By Dr. De Leon
Many of the senior residents currently living in a nursing home and/or assisted living facilities experience some type of medical problem which hinders their ability to communicate needs and desires in an effective manner.
Subsequently, many of the elders suffer isolation, depression, stigma, and inadequate care and support.
This problem will continue due to the fact that as the population advances in age so does the frequency along with a propensity for developing neurological illnesses such as Strokes, Alzheimer’s, Parkinson’s disease (PD), and other dementias; unless we intervene with treatments to improve the lines of communication between patients and caregivers.
The one common denominator among all of these illnesses is that they can affect cognition, swallowing, communication skills, voice projection, as well as voice modulation.
Since all of these problems independently and in conjunction can greatly diminish a person’s quality of life and even lead to recurrent hospitalizations as in the case of poor swallowing causing repeated aspiration pneumonia if not properly recognized and managed. Thus, speech therapy (ST) should play a vital role in the care of every senior especially if they suffer a neurological disease.
The key to improving these deficits is understanding the need for prompt as well as regular evaluation by ancillary health professionals such as speech therapists to assess for dysphagia (swallowing difficulties) early on in disease process. Speech therapy can also be of benefit in very frail individuals and in those who have had cancer, are immunocompromised, had surgical treatments, or received radiation to the head and neck. If not properly assessed the residents of these facilities can develop malnutrition, dehydration and infection which can then worsen their underlying neurological or medical conditions.
How is this accomplished?
Through a series of tests and physical evaluation a ST can determine:
- Dysphagia (swallowing problem): which will then allow them to make further recommendations such as-
- Need for nutritional supplement
- Appropriate diet consistency (i.e. soft, liquid, mechanical soft, etc.)
- Determine risk of aspiration
- Teach swallowing techniques –e.g. take small bites, tuck in chin, drink lots of water, chew well, use straw if needed , or thickened liquids if required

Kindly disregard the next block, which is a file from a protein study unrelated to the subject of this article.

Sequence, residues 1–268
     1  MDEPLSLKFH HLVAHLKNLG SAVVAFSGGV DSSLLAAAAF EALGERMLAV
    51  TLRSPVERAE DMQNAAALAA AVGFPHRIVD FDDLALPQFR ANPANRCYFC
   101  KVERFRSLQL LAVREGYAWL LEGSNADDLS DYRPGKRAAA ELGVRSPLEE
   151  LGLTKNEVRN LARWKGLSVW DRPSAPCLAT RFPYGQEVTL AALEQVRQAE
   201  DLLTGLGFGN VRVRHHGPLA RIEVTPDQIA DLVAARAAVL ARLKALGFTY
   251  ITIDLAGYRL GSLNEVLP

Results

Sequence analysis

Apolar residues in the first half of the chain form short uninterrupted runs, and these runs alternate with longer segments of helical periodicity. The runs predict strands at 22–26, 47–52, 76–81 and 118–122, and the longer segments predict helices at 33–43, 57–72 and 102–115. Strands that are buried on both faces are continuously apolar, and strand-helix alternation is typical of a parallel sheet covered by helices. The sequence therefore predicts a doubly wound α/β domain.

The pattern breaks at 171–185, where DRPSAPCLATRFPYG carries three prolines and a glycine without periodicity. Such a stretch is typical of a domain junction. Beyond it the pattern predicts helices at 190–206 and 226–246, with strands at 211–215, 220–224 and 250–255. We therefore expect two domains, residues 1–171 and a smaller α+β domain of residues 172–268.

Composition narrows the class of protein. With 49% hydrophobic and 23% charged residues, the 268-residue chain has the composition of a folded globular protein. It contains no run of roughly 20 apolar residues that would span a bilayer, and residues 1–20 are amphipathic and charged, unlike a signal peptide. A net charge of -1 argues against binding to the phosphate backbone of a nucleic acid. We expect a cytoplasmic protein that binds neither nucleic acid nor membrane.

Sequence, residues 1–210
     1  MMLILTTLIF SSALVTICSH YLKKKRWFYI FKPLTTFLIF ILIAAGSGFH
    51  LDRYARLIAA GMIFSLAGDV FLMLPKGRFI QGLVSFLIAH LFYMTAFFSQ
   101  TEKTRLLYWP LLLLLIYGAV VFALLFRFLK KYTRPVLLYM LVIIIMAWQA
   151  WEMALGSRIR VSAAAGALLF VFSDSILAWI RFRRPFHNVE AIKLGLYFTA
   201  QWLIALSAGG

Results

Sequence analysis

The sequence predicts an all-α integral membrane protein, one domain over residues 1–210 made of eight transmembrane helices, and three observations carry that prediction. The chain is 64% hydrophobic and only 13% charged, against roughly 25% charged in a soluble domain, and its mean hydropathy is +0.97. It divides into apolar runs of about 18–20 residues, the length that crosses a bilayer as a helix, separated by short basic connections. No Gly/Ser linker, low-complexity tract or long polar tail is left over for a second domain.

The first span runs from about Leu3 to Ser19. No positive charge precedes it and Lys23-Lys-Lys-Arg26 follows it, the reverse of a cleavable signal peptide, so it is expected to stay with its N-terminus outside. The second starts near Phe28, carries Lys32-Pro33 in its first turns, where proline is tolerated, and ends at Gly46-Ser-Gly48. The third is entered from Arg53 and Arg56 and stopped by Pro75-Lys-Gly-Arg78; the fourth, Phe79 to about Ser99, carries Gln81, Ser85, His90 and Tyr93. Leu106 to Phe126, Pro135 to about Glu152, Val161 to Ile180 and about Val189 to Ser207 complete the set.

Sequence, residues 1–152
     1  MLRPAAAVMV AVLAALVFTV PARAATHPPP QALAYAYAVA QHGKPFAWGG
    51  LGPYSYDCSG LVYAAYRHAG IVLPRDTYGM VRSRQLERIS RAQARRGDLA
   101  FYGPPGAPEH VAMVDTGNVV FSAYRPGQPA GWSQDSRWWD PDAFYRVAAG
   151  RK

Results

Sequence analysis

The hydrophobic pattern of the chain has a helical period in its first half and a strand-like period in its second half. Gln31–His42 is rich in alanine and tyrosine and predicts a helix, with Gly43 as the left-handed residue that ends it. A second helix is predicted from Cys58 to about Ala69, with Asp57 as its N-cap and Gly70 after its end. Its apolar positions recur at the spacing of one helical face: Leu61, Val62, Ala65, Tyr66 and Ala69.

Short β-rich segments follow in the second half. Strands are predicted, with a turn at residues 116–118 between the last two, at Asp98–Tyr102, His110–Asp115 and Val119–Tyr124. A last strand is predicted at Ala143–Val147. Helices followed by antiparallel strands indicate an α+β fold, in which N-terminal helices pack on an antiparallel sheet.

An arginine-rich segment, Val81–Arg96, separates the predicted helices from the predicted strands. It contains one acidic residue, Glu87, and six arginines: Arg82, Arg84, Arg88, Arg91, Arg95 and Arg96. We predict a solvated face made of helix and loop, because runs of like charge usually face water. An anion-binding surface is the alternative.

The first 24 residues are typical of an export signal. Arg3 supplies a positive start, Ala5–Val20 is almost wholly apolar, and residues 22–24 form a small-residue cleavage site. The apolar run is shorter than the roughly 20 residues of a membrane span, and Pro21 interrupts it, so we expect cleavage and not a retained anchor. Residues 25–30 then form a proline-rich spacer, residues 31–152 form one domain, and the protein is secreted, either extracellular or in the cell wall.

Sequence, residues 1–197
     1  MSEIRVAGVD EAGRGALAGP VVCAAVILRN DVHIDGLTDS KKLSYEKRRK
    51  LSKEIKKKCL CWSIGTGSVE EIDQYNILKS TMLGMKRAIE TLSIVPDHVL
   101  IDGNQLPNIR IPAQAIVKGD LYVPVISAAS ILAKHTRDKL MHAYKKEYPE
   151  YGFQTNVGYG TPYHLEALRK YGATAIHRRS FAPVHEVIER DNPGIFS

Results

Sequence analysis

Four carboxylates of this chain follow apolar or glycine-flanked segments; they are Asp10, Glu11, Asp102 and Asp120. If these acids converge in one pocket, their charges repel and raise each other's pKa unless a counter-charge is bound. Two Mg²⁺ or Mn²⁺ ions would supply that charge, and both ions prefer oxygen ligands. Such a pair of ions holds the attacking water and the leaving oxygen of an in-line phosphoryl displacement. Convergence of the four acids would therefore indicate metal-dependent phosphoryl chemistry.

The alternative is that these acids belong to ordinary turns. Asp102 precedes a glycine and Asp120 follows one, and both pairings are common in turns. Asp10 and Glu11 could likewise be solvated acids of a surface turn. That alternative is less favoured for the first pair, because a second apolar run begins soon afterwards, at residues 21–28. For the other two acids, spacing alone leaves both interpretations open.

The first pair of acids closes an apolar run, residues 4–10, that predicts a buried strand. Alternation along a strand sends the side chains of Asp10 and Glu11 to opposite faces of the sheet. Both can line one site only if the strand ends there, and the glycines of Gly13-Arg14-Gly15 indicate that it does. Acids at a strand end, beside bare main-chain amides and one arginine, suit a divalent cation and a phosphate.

- Recommend Feeding tubes if needed
- Communication Deficits-
- If an elder suffered a stroke, brain tumor, brain injury or other cognitive impediment interfering with communication and is able to learn; they can teach how to use either Low- tech AAC (Augmentative & Alternative Communication) device boards (which consist usually of pointing at pictures or letters) or High-tech AAC Device (which are computerized programmable boards)
- If the problem a senior is experiencing in communication is due to dementia- then they can provide memory books with pictures and or/ simple phrases to stimulate existing long- term memory skills.
- Voice Deficits- one of the biggest problems with PD is Hypophonia (soft voice) often times leading to frustration, anxiety, and social isolation because they are not able to be heard. In cases of voice problems-
- First, always have an ENT specialist evaluate for any underlying pathology such as cancer
- If no pathology found begin a 30 day program known as LSVT (Lee Silverman Voice Treatment) to help with voice projection and increase in volume and begin to practice with friends in loud/noisy surroundings.
As I mentioned previously, it is not only crucial for seniors to have speech therapy to help recover from strokes and prevent aspiration pneumonia due to impaired swallowing from a number of neurological and medical conditions but being able to communicate at any age without difficulty is absolutely vital allowing us to thrive.
If a senior cannot successfully describe his or her needs, if they are in pain, or in need of medical assistance, not only are we not meeting standard of care and allowing for potential emergent situations to arise; but potentially creating a downward spiral of disability and poor quality of life. Therefore, it is important that each one of our elderly residents in our facilities be assessed routinely for any deficits involving voice, communication, and swallowing to allow continued independence and joyful tomorrows via greater self- expression.
By Dr. Maria De Leon exclusively for Assisted Living Directory
Photo by J. Hanopol